Updated: Sep 18
From the voices of the masses, a call has emerged: Defund the police. Defunding the police, the redirection of government-provided law enforcement money is vehemently requested in response to police brutality’s appalling display in various incidents in the United States. However, defunding the police is not the solution, and limiting our police force’s financial resources will lead to damaging repercussions.
Sadly, the issue of police brutality and mishandling situations is not a new topic. However, as described by NBC News in 2014, studies comparing well-funded departments with ill-funded departments show that a police force with underpaid cops is more likely to do a worse job or behave with more violence. It explains that police workers who are paid less due to lower budgets have to work longer. Some even have to find additional jobs, often causing them to be tired and strained or less able to control their instinctive reaction to stress. Even more so, when a police budget is cut, implicit bias training is the first to go. Cops train to handle tough situations, but they are still human. Although not all cops make the same grave errors as some of their colleagues, reducing their paychecks is likely to raise police brutality incidents.
As in any other organization, reform is possible. The American police force has made some inexcusable missteps, but that does not mean the whole country should condemn the entire workforce. If law enforcement were to be defunded, there would be no hope for positive reform. By taking away their supply of money, paychecks, and overall funding, the public would be telling the police force there is no hope for them to change. Punishing the group will not change the actions of the individual. When no person believes in you, what motive do you have to try to improve?
Furthermore, the effects of defunded police forces can already be seen. As people began to emerge from the strict quarantine of the spring into an uneasy summer, murder rates in numerous large American cities rose. However, unlike the normal trend, these rates rose while other crime rates dropped. The New York Times discussed this with many experts. Some theorize that a “loss of trust in law enforcement” could lead to a reduced number of emergency calls and more widespread attempts for an individual to try and handle a dangerous situation themselves. While many of the study cities have yet to defund their police, the spread of distrust and anger directed towards police departments is quickening and will likely spur more departments to lose funding. People need to trust that their law enforcement will protect them; otherwise, the people themselves will suffer. Richard Rosenfeld, a criminology and criminal justice professor at the University of Missouri, says that the urban police forces are feeling a possible “diminished legitimacy”. People have alienated law enforcement, which could be a leading cause of extreme crime and public feelings of unsafety.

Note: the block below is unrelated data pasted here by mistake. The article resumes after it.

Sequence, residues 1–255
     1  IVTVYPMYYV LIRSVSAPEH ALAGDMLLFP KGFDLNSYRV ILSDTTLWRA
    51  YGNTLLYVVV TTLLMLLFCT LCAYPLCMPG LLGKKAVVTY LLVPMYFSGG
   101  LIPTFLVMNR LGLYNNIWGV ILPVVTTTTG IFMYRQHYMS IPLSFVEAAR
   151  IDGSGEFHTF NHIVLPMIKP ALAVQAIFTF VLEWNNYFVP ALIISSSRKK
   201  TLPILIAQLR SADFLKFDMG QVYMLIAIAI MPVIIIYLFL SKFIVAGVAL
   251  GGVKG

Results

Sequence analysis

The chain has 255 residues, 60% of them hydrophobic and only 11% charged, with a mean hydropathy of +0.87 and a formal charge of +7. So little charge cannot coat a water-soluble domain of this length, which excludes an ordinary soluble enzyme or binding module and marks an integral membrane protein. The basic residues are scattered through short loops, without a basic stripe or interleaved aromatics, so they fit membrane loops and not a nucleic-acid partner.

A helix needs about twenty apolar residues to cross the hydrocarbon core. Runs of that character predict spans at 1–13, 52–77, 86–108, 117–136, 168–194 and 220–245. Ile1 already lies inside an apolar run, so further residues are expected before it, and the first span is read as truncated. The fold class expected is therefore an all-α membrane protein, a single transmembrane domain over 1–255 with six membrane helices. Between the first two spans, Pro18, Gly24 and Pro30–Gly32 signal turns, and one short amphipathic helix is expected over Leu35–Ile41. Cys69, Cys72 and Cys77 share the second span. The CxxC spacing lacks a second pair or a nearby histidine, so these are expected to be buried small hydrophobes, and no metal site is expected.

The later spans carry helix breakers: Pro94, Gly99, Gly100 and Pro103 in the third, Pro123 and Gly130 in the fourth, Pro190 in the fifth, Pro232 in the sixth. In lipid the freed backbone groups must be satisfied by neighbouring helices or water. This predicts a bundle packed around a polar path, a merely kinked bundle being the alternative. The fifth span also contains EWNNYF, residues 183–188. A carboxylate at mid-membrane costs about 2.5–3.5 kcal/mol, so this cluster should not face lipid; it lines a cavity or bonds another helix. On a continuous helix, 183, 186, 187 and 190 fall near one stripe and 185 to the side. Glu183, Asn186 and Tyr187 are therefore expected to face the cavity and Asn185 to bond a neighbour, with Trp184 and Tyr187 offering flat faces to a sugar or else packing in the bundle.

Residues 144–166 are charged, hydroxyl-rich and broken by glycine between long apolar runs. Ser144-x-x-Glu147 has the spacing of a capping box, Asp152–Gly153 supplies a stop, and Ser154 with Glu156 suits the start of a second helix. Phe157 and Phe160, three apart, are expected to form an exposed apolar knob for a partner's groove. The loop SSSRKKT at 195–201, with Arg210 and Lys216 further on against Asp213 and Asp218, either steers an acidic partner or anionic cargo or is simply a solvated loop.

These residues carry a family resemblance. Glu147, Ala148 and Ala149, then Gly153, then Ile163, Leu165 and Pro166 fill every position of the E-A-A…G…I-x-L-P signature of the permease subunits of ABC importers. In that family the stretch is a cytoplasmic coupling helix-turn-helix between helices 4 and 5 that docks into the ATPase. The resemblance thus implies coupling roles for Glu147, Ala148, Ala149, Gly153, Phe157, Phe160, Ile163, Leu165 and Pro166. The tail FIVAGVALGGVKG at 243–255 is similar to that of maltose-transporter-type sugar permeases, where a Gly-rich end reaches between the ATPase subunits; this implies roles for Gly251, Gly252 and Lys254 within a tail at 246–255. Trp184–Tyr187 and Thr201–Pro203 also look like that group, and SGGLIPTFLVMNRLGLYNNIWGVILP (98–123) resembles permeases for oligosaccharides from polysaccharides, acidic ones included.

Amid the spreading sense of reduced safety, gun sales have sky-rocketed. According to statistics collected by Fox News, over 2 million people have registered as first-time gun owners in the past few months. This evidence points strongly to a growing mass of American people who do not feel safe; there is a widespread unease strong enough to cause people to make the first move towards taking criminal or violent matters into their own hands. The surge in first-time gun owners suggests a rise in the desire for self-protection, rather than police aid through a 9-1-1 call.
A change needs to be made, but that change cannot be defunding the police. Officers need more programming and training, which they won’t get if the police force’s budget faces a dramatic cut. For a positive change to happen, we as citizens cannot metaphorically spit in the face of law enforcement. Instead of ripping apart a system causing problems, we should work together to create better training, a better protocol, and a better society with any systemic racism in our rearview mirror.